Biogen Scoops Up Exclusive Rights to Chinese Molecule for MS


Biogen, a global pharmaceutical operations and technology company, has partnered with Chinese commercial-stage biopharmaceutical firm InnoCare Pharma to develop a treatment for multiple sclerosis. 

The license and collaboration agreement center on orelabrutinib, an oral small molecule Bruton’s tyrosine kinase inhibitor (BTKi) characterized by its high selectivity and the ability to cross the blood-brain barrier. At present, clinical studies on orelabrutinib are in the Phase 2 testing on patients with relapsing-remitting MS. 

The molecule has the capacity to inhibit BTKi, which is responsible for the signaling cascade of myeloid, B cells, and other immune cells. Because orelabrutinib can cross the BBB, it may have the ability to inhibit immune cells in the central nervous system (CNS), thereby potentially slowing down, if not thwarting, the progression in all forms of multiple sclerosis.

“Given the complex and chronic nature of MS, we believe the unique characteristics of orelabrutinib, combining high selectivity and CNS penetrance, may translate to potential clinical advantages relative to other BTKi programs… We are focused on developing next-generation approaches that we hope will improve outcomes for those living with progressive and relapsing forms of MS,” Alfred Sandrock, Jr., M.D., Ph.D., head of Biogen’s research and development arm, was quoted as saying. 

Biogen’s work globally has consistently centered on the neurosciences and working with InnoCare to create innovative medicines is a significant step forward to finally addressing the many unmet medical needs of many diseases. Under the terms of the deal, Biogen will gain exclusive rights to orelabrutinib in the global field of MS and certain autoimmune conditions outside of China, Taiwan, Macau, and Hong Kong. InnoCare will keep its exclusive worldwide rights to the same in the oncology field and certain autoimmune diseases inside China.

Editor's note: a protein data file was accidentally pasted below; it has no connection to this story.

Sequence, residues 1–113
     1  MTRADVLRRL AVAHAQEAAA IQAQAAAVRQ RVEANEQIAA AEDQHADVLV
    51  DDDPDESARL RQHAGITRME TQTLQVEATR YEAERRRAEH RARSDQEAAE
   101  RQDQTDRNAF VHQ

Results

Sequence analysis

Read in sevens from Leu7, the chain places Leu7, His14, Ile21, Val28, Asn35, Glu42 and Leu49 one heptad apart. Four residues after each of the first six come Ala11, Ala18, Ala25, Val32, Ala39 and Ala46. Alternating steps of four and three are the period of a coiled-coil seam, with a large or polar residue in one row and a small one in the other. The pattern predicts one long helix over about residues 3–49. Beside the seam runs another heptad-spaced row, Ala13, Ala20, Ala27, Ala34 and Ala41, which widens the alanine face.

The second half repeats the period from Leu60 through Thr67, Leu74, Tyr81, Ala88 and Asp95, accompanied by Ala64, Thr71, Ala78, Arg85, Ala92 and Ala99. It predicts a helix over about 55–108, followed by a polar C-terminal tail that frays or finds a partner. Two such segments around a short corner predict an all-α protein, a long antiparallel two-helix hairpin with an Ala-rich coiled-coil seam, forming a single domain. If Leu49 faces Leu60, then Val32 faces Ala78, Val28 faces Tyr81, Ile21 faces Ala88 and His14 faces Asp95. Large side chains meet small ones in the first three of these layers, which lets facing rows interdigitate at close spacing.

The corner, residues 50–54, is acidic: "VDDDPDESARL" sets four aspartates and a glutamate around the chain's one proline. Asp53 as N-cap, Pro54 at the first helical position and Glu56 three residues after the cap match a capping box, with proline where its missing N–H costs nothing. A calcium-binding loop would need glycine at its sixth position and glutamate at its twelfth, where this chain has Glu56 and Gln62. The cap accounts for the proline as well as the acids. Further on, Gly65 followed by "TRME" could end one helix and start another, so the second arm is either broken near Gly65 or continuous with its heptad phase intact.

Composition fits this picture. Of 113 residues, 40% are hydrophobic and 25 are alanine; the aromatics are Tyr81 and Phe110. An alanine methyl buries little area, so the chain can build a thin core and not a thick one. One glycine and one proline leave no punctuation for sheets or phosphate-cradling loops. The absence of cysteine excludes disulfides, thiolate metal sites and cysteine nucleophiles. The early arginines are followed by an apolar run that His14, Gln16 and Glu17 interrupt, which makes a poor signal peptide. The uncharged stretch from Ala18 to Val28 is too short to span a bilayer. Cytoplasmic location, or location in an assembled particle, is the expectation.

“We are excited about the potential of orelabrutinib for the treatment of patients with all forms of MS given the potential efficacy and safety profile, plus a promising level of blood-brain barrier penetration. BTK inhibitors may have the potential to transform the treatment paradigm of autoimmune diseases, in particular MS” said Jasmine Cui, Ph.D., co-founder, chairwoman, and chief executive officer at InnoCare. 

John Tlumacki/The Boston Globe via Getty Images

Biogen figured prominently in the news sometime in June 2021 after getting the US Food and Drug Administration’s approval to market aducanumab (trade name Aduhelm) in the treatment of Alzheimer’s disease. This is the first drug approved that addresses the condition’s underlying cause. 

Although it met plenty of controversy over the past years, the FDA panel eventually ruled that aducanumab may be used as part of therapy, saying “If we wait for the perfect drug or perfect data, we will descend further into the grip of this awful disease… people staring into the abyss of Alzheimer’s deserve no less.”

In the latest deal, Biogen will pay $125 million upfront. It also stands to deliver up to $812.5 million in potential commercial payments and development milestones should the partnership yield commercial milestones and hit sales thresholds. InnoCare may also receive tiered royalties on possible future net sales of any product that results from this collaboration. The deal is considered officially closed pending regulatory approvals.


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